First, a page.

10 year sentence for laundering Northern Bank robbery cash

Cork-based money lender Ted Cunningham has been sentenced to 10 years after being found guilty of attempting to launder more than £3million from the Northern Bank robbery. RTÉ report here. His son, who pleaded guilty to one charge, received a 3 year suspended sentence. BBC NI’s Dublin correspondent Shane Harrison provides a report on the whole proceedings.

Adds The iol report’s worth looking at. And From a separate iol report

Pleading leniency, defence counsel Ciaran O’Loughlin SC told the judge his client had been used by the IRA and was far removed from the original offence in Belfast.

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  • That is a long sentence, for ‘attempting’ to do something the multi national finance houses have been doing for decades. Was the cash actually proved to be part of the northern bank raid haul, or did the prosecution only claim it was and the jury took their word?

    I have no doubt Ted Cunningham is far from an angel, but it does seem in this case the minnow takes the rap whilst the big boys walk free.

  • Scaramoosh

    “but it does seem in this case the minnow takes the rap whilst the big boys walk free”.

    Yes, Mick, you are right – as in the rest of life. The Fall Guy.

  • Dread Cthulhu

    Per one of the news-links, some of the notes were tested and tied to the center which was robbed.

    “Of the 155,000 banknotes recovered from his home, 15,000 were examined, with more than 400 identified by stamps and handwriting as having passed through the Northern Bank cash centre.”

    A 10% sample with a *potentially* positive hit rate in the neighborhood of 3% — inferring that the testing could only identify that the bills had passed through the centre and not as being positively id’ed as part of the swag from the robbery –good, solid circumstantial evidence, but circumstantial nonetheless.

    I’d suspect that most of the verifiable evidence — new bills whose serial numbers could be verified — should have been the first thing the robbers or the launderers would have destroyed.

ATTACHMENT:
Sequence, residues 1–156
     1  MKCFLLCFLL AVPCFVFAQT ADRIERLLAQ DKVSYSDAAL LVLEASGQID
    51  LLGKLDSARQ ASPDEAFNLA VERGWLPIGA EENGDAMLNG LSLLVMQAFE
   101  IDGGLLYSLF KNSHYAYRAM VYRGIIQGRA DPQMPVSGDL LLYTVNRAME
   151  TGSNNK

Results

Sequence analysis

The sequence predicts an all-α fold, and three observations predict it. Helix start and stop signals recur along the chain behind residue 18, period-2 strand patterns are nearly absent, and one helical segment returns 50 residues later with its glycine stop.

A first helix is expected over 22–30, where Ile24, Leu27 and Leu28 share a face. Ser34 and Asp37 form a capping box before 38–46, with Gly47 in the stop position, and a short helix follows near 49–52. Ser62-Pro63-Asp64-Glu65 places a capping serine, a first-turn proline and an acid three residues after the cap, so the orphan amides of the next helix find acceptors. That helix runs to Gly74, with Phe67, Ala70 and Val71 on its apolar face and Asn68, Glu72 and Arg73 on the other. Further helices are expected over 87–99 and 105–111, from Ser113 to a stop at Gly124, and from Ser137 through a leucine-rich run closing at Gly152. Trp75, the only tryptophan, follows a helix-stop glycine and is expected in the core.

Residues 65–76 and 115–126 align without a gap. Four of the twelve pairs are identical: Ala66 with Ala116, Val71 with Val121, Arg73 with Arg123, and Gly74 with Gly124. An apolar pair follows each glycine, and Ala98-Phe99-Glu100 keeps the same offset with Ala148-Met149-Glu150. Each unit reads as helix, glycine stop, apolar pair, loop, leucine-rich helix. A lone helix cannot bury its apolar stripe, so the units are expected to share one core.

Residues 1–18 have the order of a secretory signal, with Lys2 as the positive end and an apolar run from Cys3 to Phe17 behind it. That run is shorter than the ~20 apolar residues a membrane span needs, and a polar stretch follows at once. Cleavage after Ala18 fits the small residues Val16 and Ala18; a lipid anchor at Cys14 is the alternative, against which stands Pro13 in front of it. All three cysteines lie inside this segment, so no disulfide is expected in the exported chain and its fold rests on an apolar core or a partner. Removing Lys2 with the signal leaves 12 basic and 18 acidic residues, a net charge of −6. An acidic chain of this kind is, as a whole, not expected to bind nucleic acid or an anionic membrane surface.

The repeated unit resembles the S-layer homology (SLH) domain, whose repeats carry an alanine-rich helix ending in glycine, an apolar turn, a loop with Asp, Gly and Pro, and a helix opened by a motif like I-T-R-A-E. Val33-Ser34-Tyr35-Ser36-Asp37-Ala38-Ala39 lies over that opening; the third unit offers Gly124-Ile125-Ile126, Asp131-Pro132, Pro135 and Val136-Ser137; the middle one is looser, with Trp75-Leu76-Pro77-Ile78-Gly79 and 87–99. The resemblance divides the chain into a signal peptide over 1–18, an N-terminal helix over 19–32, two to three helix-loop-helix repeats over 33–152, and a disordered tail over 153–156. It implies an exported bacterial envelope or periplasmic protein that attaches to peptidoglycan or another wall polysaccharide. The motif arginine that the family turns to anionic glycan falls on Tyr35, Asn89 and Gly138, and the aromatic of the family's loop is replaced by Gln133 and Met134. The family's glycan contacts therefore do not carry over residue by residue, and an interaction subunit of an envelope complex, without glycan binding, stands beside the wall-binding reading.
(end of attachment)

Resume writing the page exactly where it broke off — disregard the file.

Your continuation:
I’d be curious as to the “normal” pattern of specie circulation and accumulation — was that 3 million an abnormally large amount for his firm to have on hand, how much specie in a similar-sized firm could be identified as coming from the cash centre, etc.

    As for the big-boys, I suspect their political angels and angles are far more powerful and far more acute than the minnows…

  • Mr Angry

    “Cork-based money lender Ted Cunningham has been sentenced to 10 years after being found guilty of attempting to launder more than £3million from the Northern Bank robbery”.

    Pardon me all over the place….

    “Of the 155,000 banknotes recovered from his home, 15,000 were examined, with more than 400 identified by stamps and handwriting as having passed through the Northern Bank cash centre.”

    Perhaps I’ve missed something here but when, if ever, did the Northern Bank start issuing £7500.00 notes?

  • Danny O’Connor

    The son got a suspended sentence by pleading guilty,perhaps if he had been truthful he would have got a lesser sentence.
    10 years is a long stretch,but then 3 million is a lot of money.If you burn your arse you have to sit on the blister.

  • Glencoppagagh

    DC and Mr A
    That evidence hardly matters if his barrister admits he was involved with the IRA in the robbery.
    As we know our learned friends never knowingly tell lies so we can only suppose that this admission came from his client.

  • picador

    Ciaran O’Loughlin SC told the judge his client had been used by the IRA

    Outrageous!

    Everyone knows the securocrats did it. 😉

  • Dread Cthulhu

    Glencoppagagh: “That evidence hardly matters if his barrister admits he was involved with the IRA in the robbery.”

    Once the defendant is convicted, the name of the game changes to limiting the penalty received. Secondly, I would imagine that the barrister said that as a part of the sentencing process, as the barrister saying such prior to the verdict coming in would be ample grounds for an appeal, based on inadequate / incompetent representation… It doesn’t take a weatherman to tell which way the wind blows, Glencoppagagh.

    If you’d bothered to read the thread, rather than playing for points, you’d noticed that a question was raised on the evidence and whether or not it was the primary factor in the convinction.

  • ‘Everyone knows the securocrats did it. ;)’

    More likely the Department of Work and Pensions.

  • Richard Timney

    Can Gordon Brown provide details of where he was on that date?

    The most excellent Home Secretary Jacqui Smith can!

  • Keith

    Given that money laundering has devastating economic, security, and social